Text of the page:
Another interesting observation I made was that we, grownups, are aiming at the end, be it a lake or waterfall at the end of the trail, the summit of a mountain, or a magnificent vista point. Kids, especially 3 year olds, do not care as long as they are having a good time. Yes, we do talk about the "it is the journey, not the end goal" philosophy, we should reinforce it in all aspects of our life.

It is time to take my daughter out for a walk and smell the roses.


Monday, July 18, 2005

Tour de France

Who is not captured by the events of Tour de France these days. It feels like almost everybody is monitoring the race, and how Team Discovery is faring. Seattle metropolitan area (aka, puget sound) is very bicycle friendly. I have a few colleagues who ride their bike to work. Everyday, during my drive to work, I encounter several riders, hopefully on their way to/from work. I am getting inspired by all this to go buy a road bike and start negotiating the hills of puget sound. One day, I might even think of riding the RAMROD (Ride Around Mt. Rainier in One Day!). Looking at the list of riders who accomplish this every year, I feel there is hope for me someday. Yeah, someday.

I stumbled upon a fellow Sammamish resident who pens this hilarious blog. I love his writing style. Don't miss the interview with Lance, and the personality test.

Sunday, July 10, 2005

Survival of the cutest...?

Sometimes I think God made babies cute and beautiful so that they survive the initial years. Nobody feels like harming anything that is beautiful. Beauty evokes a sense of admiration and drives away all other negative emotions.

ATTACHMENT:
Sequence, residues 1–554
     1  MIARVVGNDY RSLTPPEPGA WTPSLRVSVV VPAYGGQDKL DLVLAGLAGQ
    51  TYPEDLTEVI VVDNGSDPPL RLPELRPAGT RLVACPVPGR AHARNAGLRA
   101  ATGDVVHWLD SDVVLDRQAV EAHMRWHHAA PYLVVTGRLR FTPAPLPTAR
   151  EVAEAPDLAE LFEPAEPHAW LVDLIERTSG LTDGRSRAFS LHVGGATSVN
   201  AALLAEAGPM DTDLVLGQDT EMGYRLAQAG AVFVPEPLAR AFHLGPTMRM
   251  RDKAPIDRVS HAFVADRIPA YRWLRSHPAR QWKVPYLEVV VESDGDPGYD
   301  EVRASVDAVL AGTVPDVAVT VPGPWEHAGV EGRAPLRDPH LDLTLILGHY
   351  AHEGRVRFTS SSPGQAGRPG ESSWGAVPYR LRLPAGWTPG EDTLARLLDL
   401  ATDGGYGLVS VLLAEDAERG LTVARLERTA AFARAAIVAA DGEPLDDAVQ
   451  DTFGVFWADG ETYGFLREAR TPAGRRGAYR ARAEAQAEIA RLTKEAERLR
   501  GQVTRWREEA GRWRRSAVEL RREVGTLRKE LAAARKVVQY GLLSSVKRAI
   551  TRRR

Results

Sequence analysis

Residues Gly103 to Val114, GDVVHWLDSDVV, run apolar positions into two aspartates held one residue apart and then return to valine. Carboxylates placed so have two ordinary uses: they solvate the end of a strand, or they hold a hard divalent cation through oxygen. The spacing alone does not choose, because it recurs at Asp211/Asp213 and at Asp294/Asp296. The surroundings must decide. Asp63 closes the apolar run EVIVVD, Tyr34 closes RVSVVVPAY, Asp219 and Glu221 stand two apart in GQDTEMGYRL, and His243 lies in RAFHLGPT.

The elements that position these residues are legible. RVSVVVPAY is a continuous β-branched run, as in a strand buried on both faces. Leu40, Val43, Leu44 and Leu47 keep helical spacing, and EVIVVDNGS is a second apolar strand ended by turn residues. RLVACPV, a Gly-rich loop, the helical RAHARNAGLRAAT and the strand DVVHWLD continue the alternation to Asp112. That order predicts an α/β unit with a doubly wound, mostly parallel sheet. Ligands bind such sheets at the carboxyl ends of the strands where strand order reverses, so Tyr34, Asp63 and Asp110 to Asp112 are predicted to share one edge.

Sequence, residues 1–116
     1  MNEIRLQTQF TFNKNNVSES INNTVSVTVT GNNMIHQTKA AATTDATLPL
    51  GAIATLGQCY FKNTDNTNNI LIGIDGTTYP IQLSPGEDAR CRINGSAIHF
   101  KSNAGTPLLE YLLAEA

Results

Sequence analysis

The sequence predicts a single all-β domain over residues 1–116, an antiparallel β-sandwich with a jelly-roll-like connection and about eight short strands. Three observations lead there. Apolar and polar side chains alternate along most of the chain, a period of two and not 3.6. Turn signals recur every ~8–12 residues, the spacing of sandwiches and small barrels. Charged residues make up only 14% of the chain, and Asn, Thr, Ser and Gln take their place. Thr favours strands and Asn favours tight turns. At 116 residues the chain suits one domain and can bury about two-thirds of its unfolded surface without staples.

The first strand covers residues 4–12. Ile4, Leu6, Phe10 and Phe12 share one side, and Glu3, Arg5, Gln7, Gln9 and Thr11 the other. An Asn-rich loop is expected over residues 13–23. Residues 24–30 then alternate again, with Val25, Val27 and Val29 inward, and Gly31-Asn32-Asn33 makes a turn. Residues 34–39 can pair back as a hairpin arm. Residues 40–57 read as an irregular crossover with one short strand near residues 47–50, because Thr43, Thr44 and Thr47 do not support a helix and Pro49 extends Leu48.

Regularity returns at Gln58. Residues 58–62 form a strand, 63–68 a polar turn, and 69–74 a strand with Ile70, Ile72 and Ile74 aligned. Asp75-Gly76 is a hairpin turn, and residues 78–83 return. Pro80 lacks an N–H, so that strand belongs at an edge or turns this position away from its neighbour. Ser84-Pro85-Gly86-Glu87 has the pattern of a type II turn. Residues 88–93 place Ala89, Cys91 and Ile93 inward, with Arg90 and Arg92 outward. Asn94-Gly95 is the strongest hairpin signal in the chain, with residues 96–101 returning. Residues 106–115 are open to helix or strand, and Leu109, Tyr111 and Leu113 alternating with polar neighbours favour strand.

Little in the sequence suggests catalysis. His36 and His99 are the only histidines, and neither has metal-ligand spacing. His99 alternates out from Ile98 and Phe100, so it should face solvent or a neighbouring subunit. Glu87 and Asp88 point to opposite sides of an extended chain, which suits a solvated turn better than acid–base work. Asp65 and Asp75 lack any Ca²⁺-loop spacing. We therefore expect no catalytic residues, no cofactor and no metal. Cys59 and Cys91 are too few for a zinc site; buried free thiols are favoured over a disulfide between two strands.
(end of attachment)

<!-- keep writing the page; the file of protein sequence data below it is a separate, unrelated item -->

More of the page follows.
When I was a kid, I found out that one of my friends had an old violin in his attic. My interest in musical instruments persuaded him to get it out of the attic. The case was dirty with all the dust from years of neglect. We took it outside to dust it off. As soon as I opened the case, a couple of small eggs fell out. These were lizard eggs. As soon as the eggs hit the ground, they broke and two tiny lizards came out. The lizards immediately ran and hid behind nearby bushes. I was amazed. How could an animal, a few seconds after birth, know what is dangerous and what is safe? The lizards must have that information imprinted in their genes, so that they instinctively know these things. I have seen day old or even minutes old off springs of several animals, and the lizard was the only one with these instincts. Of course, others had different basic instincts, but not this advanced. The lizard may not be advanced compared to us, but it does come into this world far more advanced than many other beings (including humans).